Neo-Nazis and Hitler Supporters Thrive With Impunity in Poland, Jewish Leader Says

Far right nationalists march in the capital on November 11, 2017 on Polish Independence Day. Getty Images

Extremists and neo-Nazis are thriving in Poland because the government is unwilling to crack down on them, the leader of Poland's Jewish community said just days after an investigation by a Polish television channel showed members of the far-right celebrating Adolf Hitler's birthday.

Three people from the neo-Nazi group Pride and Modernity were arrested on Tuesday in connection with the video, produced by Poland's TVN24. That same day, Poland's Prime Minister Mateusz Morawiecki said his country would not have the "slightest tolerance of Nazi, fascist or communist symbols."

Still, Leslaw Piszewski, president of the Union of Jewish Communities in Poland, argued that the police could do more to stop the rise of the far-right in Poland.

"What else has to happen for us to look open our eyes, the authorities say that fascism and Nazism are not tolerated in Poland," Piszewski wrote on his Facebook page. "I want to believe in these words, but let authorities do their job."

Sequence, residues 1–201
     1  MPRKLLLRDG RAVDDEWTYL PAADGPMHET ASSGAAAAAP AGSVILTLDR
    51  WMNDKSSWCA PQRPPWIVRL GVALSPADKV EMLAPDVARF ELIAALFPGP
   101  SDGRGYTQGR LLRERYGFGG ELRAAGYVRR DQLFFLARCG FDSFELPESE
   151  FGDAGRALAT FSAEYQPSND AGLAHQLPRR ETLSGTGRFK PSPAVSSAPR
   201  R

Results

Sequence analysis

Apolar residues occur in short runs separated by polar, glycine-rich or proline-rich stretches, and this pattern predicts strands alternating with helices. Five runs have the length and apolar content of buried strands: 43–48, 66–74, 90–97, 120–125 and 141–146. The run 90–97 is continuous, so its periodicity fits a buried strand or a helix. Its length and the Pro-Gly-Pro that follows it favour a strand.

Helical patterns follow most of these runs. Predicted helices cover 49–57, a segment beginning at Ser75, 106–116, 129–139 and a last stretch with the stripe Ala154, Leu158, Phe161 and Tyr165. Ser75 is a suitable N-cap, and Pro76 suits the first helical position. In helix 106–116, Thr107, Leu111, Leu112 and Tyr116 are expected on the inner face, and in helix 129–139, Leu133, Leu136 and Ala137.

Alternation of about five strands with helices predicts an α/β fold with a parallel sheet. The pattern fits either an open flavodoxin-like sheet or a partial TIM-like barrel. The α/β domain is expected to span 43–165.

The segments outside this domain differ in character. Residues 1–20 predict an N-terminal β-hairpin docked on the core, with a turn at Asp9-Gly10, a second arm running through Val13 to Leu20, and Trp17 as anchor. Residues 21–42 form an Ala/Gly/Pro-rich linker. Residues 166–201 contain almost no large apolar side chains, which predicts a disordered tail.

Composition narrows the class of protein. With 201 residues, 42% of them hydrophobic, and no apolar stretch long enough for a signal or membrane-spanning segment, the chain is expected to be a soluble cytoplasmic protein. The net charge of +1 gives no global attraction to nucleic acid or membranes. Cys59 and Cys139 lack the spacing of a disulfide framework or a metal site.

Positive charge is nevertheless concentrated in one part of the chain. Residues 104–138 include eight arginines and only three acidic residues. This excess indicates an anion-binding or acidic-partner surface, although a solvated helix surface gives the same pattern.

People are seen in the center of Warsaw on November 11, 2017 ahead of the Independence Day march. An estimated 60 thousand people joined the traditional Independence Day march in the Polish capital on Saturday amidst fears the rally increasingly attracts fascists from foreign countries. Getty Images

Poland was decimated by the Nazis during World War II, but the country has experienced a resurgence of far-right elements in recent months. In November, around 60,000 people marched to celebrate the 99th anniversary of Polish independence, and extreme nationalists and neo-Nazis were a visible presence at the march. Videos like the one that emerged of neo-Nazis celebrating Hitler only help create the impression the Nazism is being normalized in the country, experts say.

"Neo-Nazis are not operating with impunity, in this case the Polish authorities acted quickly and have already arrested three people.. But unfortunately the case itself, as shocking as it is, does reflect on a wider phenomenon ongoing in Poland and that is an increased visibility for extremist and hateful ideologies and speech," Zselyke Csaky, an expert on Central Europe at Freedom House, told Newsweek.

"The problem is that extremist groups could potentially have a disproportionate effect on public discourse; they spell out and in some way legitimize previous taboos."

In the video, which was shot as the group celebrated Hitler's birthday on April 20, the neo-Nazis burned large wooden swastikas and presented a cake with a swastika on it. A large picture of Hitler was hung on a tree with Nazi flags surrounding it. The men could spend up to two years in prison for breaking Polish laws against Nazi symbols.